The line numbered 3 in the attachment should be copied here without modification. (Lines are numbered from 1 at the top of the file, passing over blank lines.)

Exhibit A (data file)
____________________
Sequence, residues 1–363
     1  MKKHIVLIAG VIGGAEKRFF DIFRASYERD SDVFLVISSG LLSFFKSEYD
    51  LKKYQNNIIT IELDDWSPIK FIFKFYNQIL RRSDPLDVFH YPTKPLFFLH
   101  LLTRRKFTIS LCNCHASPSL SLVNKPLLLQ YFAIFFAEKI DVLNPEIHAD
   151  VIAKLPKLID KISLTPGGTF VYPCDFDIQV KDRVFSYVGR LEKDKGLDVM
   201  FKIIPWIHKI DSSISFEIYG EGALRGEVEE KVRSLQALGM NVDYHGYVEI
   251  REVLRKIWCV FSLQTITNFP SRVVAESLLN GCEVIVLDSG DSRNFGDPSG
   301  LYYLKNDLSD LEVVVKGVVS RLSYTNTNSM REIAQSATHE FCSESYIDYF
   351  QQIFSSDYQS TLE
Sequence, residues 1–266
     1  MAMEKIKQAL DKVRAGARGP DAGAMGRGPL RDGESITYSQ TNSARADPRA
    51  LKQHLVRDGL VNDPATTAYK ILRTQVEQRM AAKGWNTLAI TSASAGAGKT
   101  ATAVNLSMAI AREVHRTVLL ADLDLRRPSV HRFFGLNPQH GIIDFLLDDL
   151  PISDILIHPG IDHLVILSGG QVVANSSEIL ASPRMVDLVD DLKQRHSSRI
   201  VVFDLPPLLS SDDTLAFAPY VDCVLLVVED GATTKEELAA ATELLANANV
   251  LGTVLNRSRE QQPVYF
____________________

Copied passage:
    51  LKKYQNNIIT IELDDWSPIK FIFKFYNQIL RRSDPLDVFH YPTKPLFFLH